Trying to decide what type of mortgage is right for you can be tricky business. So you may be wondering what is an adjustable rate mortgage? An adjustable rate mortgage or ARM, has an interest rate that is linked to an economic index. This means the interest rate, and your payments, adjust up or down as the index changes. There are three things to know about adjustable rate mortgages: index, margin and adjustment period. What is the index? The index is a guide that lenders use to measure interest rate changes. Common indexes used by lenders include the activity of one, three, and five-year Treasury securities. Each adjustable rate mortgage is linked to a specific index. The margin is the lender's cost of doing business plus the profit they will make on the loan. The margin is added to the index rate to determine your total interest rate. The adjustment period is the period between potential interest rate adjustments. For example, you may see a loan described as a 5-1. The first figure (5) refers to the initial period of the loan, or how long the rate will stay the same. The second number (1) is the adjustment period. This is how often adjustments can be made to the rate after the initial period has ended. In this case, one year or annually. An adjustable rate mortgage might be a good choice if you are looking to qualify for a larger loan. The rate of an ARM is typically lower than a fixed rate mortgage. Remember, when the adjustment period is up the rate and payment can increase. Another reason to consider an ARM is if you are planning to sell the home within a few years. If this is the case you may end up selling before the adjustment period is up. Federal law provides that all lenders provide a federal Truth in Lending Disclosure Statement before consummating a consumer credit transaction. This will be given to you in writing. It is designed to help you compare and select a mortgage.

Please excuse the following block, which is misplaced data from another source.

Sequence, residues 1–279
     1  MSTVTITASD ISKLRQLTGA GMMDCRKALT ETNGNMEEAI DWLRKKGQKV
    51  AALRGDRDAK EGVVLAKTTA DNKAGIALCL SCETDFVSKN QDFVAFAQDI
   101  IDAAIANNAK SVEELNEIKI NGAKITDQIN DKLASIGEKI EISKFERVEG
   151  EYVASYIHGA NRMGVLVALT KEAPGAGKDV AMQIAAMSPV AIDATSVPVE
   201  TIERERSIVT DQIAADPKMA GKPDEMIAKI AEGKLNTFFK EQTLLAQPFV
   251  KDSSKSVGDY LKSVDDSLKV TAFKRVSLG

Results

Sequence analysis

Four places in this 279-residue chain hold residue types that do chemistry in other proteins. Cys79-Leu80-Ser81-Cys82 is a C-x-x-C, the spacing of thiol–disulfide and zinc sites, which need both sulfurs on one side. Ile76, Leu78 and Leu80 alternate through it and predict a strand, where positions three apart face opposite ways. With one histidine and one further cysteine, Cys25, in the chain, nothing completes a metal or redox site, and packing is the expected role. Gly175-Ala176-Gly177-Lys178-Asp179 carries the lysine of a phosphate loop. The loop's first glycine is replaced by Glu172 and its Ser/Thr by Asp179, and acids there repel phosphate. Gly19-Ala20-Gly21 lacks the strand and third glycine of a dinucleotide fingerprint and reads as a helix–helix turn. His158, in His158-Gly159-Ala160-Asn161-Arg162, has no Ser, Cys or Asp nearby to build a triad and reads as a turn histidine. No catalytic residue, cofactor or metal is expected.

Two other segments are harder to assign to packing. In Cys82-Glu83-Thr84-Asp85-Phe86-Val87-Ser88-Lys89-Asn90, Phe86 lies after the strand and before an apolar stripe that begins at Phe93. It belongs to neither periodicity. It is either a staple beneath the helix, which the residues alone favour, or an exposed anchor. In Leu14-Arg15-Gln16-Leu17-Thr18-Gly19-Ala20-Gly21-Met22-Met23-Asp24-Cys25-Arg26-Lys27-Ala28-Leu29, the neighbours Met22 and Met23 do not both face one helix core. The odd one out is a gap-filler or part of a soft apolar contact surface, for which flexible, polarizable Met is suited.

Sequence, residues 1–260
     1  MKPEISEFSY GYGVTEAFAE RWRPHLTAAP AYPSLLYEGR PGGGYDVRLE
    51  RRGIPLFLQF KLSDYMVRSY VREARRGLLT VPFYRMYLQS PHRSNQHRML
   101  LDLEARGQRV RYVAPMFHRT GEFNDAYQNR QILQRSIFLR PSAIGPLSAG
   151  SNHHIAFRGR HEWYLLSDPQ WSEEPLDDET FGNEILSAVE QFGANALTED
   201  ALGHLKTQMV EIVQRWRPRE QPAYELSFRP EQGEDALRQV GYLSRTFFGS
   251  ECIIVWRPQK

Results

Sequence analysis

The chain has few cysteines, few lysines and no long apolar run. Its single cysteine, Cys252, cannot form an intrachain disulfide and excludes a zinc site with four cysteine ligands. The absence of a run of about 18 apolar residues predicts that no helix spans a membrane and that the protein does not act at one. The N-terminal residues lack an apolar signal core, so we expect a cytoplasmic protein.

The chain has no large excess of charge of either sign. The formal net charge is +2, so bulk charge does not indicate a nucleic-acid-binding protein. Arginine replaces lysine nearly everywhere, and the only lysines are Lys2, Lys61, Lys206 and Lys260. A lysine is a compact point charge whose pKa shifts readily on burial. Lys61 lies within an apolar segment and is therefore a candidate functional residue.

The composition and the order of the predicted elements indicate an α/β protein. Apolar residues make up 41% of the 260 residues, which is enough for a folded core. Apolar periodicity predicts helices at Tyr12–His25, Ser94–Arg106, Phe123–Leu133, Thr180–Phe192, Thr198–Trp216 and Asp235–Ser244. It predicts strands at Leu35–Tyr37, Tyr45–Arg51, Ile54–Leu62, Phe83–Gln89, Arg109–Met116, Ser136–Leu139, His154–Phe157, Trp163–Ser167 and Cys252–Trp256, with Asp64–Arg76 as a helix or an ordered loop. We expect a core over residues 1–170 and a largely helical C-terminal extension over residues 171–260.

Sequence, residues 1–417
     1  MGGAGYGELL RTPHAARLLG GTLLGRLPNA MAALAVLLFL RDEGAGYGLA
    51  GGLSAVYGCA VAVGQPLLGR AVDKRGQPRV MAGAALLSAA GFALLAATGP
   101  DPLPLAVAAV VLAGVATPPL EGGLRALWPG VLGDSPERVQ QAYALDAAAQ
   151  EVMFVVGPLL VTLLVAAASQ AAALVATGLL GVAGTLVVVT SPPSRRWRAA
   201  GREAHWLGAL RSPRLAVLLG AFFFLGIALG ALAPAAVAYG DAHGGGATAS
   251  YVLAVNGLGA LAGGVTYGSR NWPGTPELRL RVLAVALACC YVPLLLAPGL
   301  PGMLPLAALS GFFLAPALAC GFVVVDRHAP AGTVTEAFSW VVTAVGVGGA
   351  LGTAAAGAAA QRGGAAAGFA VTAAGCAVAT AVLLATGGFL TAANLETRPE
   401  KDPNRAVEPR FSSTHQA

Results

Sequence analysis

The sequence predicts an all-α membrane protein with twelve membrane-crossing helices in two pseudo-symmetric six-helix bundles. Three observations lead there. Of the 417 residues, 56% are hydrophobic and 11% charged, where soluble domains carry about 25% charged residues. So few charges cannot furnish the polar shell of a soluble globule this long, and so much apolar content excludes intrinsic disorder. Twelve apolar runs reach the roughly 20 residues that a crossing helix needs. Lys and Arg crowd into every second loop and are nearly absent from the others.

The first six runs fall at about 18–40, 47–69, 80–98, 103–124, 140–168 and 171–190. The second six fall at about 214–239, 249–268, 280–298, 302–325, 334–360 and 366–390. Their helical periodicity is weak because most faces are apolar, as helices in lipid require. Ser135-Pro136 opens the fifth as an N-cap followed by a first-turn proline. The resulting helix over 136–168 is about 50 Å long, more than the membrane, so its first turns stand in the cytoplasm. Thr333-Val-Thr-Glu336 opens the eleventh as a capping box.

The first step in home buying is getting a mortgage. Many home owners also find themselves in a maze when they start the refinance process. Navigating the mortgage process can be confusing. There is so much to know between rates, types of mortgages and payment schedules. Avoiding making a mistake in the mortgage process can save you a lot of money and headaches. Here is a list of the biggest mortgage mistakes that potential borrowers make. 1. No or Low Down Payment Buying a home with no or a low down payment is not a good idea. A large down payment increases the amount of equity the borrower has in the home. It also reduces the bank’s liability on the home. Research has shown that borrowers that place down a large down payment are much more likely to make their mortgage payments. If they do not they will also lose money. Borrowers who put little to nothing down on their homes find themselves upside down on their mortgage and end up just walking away. They owe more money than the home is worth. The more a borrower owes, the more likely they are to walk away and be subject to credit damaging foreclosure. 2. Adjustable Rate Mortgages or ARMs Adjustable rate mortgages or ARMs sound too good to be true and they can be. The loan starts off with a low interest rate for the first two to five years. This allows the borrower to buy a larger house than they can normally qualify for. After two to five years the low adjustable rate expires and the interest rate resets to a higher market rate. Now the borrowers can no longer make the higher payment not can they refinance to a lower rate because they often do not have the equity in the home to qualify for a refinance. Many borrowers end up with high mortgage payments that are two to three times their original payments. 3. No Documentation Loans No documentation loans or sometimes called “liar loans” were very popular prior to the subprime meltdown. These loans requires little to no documentation. They do not require verification of the borrower's income, assets and/or expenses. Unfortunately borrowers have a tendency to inflate their income so that they can buy a larger house. The problems start once the mortgage payment is due. Because the borrower does not have the income they are unable to make mortgage payments and often end up face bankruptcy and foreclosure. 4. Reverse Mortgages You have seen the commercials and even infomercials devoted to advocating reverse mortgages. A reverse mortgage is a loan available to borrowers age 62 and up. It uses the equity from the borrower’s home. The available equity is paid out in a steady stream of payments or in a lump sum like an annuity. Reverse mortgage have can be dangerous and have many drawbacks. There are many fees associated with reverse mortgages. These includes origination fees, mortgage insurance, title insurance, appraisal fees, attorney fees and many other miscellaneous fees that can quickly eat at the home’s equity. Another drawback; the borrower loses full ownership of their home and the bank now owns the home Avoiding the pitfalls of the mortgage maze will hopefully help you keep in good financial health as a home can be your best investment. .